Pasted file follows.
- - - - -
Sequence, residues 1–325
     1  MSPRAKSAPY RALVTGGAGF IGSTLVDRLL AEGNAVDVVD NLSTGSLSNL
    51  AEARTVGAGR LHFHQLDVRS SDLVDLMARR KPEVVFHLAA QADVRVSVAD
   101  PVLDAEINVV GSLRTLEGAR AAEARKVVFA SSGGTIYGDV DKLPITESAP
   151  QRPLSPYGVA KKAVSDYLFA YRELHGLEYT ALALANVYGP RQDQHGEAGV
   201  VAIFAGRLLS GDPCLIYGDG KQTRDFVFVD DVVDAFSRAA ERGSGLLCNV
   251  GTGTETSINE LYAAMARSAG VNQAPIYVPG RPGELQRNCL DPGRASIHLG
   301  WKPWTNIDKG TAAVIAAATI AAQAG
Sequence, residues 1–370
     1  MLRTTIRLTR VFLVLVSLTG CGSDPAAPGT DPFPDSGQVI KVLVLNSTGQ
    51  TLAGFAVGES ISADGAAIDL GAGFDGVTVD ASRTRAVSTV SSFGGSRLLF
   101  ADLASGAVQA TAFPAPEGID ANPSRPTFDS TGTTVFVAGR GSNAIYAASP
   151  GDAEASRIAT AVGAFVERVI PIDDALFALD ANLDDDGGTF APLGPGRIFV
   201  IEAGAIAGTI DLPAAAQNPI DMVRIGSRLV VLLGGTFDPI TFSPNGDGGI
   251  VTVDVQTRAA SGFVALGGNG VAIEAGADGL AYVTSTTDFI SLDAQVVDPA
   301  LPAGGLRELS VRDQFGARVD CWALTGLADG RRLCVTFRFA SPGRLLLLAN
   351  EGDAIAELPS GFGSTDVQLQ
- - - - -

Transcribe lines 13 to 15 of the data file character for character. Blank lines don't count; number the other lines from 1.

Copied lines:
   151  GDAEASRIAT AVGAFVERVI PIDDALFALD ANLDDDGGTF APLGPGRIFV
   201  IEAGAIAGTI DLPAAAQNPI DMVRIGSRLV VLLGGTFDPI TFSPNGDGGI
   251  VTVDVQTRAA SGFVALGGNG VAIEAGADGL AYVTSTTDFI SLDAQVVDPA